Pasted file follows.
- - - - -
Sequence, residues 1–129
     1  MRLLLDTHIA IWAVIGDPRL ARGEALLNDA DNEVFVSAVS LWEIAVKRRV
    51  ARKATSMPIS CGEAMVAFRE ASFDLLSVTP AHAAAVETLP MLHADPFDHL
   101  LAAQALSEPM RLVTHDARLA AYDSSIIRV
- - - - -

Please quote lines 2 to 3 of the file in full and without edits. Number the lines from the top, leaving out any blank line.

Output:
     1  MRLLLDTHIA IWAVIGDPRL ARGEALLNDA DNEVFVSAVS LWEIAVKRRV
    51  ARKATSMPIS CGEAMVAFRE ASFDLLSVTP AHAAAVETLP MLHADPFDHL